London Olympics 'to come in £476m under budget'

Olympic stadium
Image caption,
The Olympic Stadium will host the opening ceremony next month

The London Olympics is set to come in under its £9.3bn budget with £476m of the contingency funding left, according to new government figures.

Culture Secretary Jeremy Hunt said it was "fantastic news" that the Games would be on time and under budget.

Ministers expect to be able to return the remaining money to the Treasury.

The £9.3bn budget, which included a £2bn contingency, was set in 2007 and was almost four times the estimated cost at the time London bid in 2005.

The budget was revised upwards after taking into account previously overlooked costs such as VAT, increased security costs, and an expanded brief for the Olympic Delivery Authority (ODA) to regenerate the lower Lea Valley area.

Addressing the original bid budget of £2.4bn, Sports Minister Hugh Robertson said there was a "recognition right from the word go that figure would have to change dramatically on the basis of delivering the Games".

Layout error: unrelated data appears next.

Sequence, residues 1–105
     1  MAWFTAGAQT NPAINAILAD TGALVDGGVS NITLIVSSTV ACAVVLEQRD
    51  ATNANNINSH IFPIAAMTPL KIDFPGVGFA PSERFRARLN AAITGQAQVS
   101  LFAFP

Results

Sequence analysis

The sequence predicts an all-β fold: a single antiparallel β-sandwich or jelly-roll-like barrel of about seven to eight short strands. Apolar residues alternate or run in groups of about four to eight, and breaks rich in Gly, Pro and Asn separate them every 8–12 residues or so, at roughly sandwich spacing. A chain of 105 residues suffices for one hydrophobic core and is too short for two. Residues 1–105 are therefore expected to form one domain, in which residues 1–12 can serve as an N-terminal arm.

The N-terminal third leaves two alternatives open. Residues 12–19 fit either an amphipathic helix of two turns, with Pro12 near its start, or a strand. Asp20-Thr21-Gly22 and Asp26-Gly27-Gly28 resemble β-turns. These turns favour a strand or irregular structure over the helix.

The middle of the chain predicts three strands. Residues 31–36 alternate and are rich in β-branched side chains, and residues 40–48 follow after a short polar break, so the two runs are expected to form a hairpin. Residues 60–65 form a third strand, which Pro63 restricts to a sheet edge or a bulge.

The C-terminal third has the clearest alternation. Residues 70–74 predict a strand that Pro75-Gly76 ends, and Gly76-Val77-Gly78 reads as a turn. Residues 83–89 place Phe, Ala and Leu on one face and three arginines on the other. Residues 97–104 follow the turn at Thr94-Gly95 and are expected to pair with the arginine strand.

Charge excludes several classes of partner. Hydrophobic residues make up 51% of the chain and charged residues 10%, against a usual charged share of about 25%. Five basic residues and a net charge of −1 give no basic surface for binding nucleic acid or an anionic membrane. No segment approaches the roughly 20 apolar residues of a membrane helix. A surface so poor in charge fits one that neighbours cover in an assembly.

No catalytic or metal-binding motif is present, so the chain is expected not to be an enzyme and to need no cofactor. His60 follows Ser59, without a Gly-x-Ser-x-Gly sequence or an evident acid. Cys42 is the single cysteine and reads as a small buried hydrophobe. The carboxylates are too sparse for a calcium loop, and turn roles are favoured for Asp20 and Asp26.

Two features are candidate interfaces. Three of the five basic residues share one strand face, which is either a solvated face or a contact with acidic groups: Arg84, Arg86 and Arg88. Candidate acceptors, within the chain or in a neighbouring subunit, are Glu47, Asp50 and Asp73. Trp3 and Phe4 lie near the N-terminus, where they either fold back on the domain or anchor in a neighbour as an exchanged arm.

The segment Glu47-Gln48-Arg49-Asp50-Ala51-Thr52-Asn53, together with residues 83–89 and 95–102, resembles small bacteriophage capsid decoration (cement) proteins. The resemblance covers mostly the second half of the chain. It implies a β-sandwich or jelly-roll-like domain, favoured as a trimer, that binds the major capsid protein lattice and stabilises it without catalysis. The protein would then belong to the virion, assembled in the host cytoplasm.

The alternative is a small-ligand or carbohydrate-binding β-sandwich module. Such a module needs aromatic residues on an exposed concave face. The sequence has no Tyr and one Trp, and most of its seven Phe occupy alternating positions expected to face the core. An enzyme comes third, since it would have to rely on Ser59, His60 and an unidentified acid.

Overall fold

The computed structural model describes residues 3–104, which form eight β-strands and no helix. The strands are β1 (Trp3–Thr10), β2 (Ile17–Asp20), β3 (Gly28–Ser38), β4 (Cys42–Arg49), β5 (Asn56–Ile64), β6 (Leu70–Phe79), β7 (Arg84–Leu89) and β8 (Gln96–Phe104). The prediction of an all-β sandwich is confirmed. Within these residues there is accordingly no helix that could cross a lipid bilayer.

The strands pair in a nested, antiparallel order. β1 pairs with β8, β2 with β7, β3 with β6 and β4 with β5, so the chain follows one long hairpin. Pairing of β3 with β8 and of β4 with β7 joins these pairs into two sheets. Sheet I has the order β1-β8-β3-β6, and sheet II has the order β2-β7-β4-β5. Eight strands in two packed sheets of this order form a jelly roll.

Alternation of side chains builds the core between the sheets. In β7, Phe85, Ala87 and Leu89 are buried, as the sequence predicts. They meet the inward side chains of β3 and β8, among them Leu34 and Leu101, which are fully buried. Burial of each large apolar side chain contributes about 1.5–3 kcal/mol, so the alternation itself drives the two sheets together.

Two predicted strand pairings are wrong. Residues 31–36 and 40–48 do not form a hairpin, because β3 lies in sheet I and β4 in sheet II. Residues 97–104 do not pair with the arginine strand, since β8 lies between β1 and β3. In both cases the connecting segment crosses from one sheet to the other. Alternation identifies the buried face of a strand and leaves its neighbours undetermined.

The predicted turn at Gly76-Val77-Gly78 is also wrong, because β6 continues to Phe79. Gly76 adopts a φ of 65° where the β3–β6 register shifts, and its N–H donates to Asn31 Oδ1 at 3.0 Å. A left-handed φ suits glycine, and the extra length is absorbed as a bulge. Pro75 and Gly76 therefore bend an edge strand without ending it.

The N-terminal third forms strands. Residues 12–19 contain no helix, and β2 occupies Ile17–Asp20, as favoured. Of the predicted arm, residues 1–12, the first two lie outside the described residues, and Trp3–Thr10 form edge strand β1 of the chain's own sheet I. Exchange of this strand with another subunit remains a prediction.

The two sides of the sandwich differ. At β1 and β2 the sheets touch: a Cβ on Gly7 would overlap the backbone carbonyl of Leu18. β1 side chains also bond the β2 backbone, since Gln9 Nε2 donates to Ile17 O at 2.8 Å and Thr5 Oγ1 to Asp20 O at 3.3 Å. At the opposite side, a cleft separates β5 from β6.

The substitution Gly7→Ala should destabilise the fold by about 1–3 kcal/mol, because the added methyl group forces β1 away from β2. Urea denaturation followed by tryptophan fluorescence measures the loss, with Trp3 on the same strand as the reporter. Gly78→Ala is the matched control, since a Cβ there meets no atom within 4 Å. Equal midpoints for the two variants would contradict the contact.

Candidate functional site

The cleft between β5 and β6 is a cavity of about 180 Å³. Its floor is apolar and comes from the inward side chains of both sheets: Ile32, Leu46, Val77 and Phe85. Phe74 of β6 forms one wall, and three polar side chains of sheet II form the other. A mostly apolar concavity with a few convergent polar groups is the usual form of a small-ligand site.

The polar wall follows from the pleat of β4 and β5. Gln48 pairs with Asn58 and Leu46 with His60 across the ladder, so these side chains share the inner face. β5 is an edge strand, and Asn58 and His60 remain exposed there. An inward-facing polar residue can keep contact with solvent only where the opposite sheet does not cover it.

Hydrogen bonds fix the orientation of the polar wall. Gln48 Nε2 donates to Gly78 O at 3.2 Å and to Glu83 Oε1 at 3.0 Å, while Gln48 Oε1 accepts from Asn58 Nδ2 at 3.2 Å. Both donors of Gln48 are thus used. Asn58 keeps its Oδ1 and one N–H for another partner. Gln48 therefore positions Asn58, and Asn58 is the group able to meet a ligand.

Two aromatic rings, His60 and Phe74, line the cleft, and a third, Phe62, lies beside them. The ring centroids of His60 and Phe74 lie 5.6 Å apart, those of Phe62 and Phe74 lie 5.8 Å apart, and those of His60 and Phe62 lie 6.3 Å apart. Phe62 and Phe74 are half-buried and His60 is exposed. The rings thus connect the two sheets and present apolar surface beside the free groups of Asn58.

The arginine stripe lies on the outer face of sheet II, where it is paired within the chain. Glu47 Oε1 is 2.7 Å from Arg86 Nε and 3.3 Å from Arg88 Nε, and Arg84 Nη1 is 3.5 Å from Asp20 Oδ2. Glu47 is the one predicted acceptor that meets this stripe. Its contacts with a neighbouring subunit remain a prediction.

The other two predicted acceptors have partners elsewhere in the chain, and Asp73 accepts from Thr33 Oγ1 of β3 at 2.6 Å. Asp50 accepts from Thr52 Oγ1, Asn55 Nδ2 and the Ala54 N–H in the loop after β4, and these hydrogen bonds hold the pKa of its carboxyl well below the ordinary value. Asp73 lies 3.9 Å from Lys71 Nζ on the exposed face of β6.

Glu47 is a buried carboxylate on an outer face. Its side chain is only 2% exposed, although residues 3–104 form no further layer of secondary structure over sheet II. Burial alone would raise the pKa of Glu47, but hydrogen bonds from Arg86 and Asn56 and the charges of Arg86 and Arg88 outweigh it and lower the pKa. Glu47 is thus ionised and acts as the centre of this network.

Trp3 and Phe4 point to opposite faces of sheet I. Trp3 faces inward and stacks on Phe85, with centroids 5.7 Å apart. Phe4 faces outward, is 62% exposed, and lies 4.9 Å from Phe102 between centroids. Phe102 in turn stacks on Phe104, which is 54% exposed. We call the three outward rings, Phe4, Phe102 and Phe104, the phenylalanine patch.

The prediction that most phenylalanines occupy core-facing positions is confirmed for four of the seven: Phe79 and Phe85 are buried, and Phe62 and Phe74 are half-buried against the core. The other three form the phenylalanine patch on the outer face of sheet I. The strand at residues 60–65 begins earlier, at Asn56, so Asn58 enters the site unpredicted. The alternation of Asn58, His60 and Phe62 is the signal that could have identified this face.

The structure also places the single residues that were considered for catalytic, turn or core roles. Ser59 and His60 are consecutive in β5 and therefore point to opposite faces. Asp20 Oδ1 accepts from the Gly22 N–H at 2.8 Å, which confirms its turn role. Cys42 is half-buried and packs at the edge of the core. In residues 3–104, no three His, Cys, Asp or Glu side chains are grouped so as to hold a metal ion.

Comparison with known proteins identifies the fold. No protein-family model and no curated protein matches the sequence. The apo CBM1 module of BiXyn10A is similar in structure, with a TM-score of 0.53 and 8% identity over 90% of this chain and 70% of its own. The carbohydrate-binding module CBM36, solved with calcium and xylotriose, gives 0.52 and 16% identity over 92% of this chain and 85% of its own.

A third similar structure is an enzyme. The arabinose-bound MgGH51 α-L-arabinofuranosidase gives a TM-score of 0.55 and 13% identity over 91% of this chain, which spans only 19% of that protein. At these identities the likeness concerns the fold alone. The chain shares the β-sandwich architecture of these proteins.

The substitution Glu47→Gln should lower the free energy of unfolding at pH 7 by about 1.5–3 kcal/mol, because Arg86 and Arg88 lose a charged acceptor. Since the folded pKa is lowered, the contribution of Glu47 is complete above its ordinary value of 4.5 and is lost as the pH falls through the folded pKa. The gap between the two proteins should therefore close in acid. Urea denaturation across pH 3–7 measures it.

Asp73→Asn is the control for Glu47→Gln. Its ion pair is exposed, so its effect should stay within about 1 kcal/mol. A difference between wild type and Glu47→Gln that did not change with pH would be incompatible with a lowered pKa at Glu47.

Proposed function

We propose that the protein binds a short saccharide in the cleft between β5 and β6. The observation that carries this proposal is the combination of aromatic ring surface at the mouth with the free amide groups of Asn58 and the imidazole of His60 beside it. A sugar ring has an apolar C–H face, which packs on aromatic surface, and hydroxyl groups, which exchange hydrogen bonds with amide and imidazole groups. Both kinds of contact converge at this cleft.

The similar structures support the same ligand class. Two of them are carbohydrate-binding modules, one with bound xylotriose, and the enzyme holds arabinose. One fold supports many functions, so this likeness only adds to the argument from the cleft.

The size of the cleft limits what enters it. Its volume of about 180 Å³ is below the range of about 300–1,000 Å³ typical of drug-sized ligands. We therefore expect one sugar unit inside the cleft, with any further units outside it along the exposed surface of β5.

Mr Hunt said: "Britain has proved that not only can we put on a great show for the world to watch like we did with the Jubilee but that we can also deliver big construction projects on time and on budget."

Mr Robertson said the latest figure for the Games, which begin next month, was "a great advert for the British construction industry, for sport and for UK Plc".

Following the success of the Queen's Diamond Jubilee and the ongoing Olympic torch relay, additional funding of £19m has been earmarked to bolster crowd control and public information for the games.

The money, which will be allocated from within the £9.3bn budget, will pay for additional stewards and crowd flow measures in central London as well as the "last mile" - what organisers describe as the distance between transport hubs and Games venues.

Mr Robertson said: "We know exactly how many tickets have been sold and roughly how many people should be in London. Absolutely nobody knows how many people are going to turn up.

"London this summer is going to be the place to have a party. It is a great national event. It is very difficult for us to know exactly how many people are going to come across on the train, in the car or on the ferry only for a party."

The government confirmed the work of the ODA, which is responsible for developing and building the venues and infrastructure for the games, is 98% complete.

It will not be fully completed until after the Games when the ODA will convert apartments in the Olympic Village into thousands of new homes.